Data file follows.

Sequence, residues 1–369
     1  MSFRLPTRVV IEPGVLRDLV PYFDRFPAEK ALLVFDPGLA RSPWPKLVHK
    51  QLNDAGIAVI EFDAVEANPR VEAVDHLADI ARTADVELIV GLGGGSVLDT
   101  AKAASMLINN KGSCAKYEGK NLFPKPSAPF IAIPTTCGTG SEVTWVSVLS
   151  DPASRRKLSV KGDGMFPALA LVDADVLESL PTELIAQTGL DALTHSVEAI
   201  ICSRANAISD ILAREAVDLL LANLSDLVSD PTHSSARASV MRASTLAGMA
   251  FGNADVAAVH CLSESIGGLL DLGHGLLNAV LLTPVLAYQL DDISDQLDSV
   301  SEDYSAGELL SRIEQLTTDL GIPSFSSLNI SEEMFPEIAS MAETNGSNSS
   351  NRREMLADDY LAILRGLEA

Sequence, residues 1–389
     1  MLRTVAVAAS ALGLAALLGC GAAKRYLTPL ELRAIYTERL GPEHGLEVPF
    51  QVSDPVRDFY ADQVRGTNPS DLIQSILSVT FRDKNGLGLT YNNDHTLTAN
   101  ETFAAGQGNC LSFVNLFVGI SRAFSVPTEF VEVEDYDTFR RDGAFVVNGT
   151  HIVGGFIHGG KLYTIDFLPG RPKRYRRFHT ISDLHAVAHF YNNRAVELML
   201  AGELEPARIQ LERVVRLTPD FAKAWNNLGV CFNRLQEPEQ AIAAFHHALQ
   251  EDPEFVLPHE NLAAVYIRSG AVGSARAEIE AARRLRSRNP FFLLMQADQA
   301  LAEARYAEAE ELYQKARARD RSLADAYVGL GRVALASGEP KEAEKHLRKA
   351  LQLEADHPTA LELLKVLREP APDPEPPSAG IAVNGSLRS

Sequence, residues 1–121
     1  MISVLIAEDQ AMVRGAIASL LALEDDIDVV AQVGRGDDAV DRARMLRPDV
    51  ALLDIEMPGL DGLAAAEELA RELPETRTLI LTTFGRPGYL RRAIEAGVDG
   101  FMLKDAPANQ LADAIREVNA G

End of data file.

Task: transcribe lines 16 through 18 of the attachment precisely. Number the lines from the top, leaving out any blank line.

   251  EDPEFVLPHE NLAAVYIRSG AVGSARAEIE AARRLRSRNP FFLLMQADQA
   301  LAEARYAEAE ELYQKARARD RSLADAYVGL GRVALASGEP KEAEKHLRKA
   351  LQLEADHPTA LELLKVLREP APDPEPPSAG IAVNGSLRS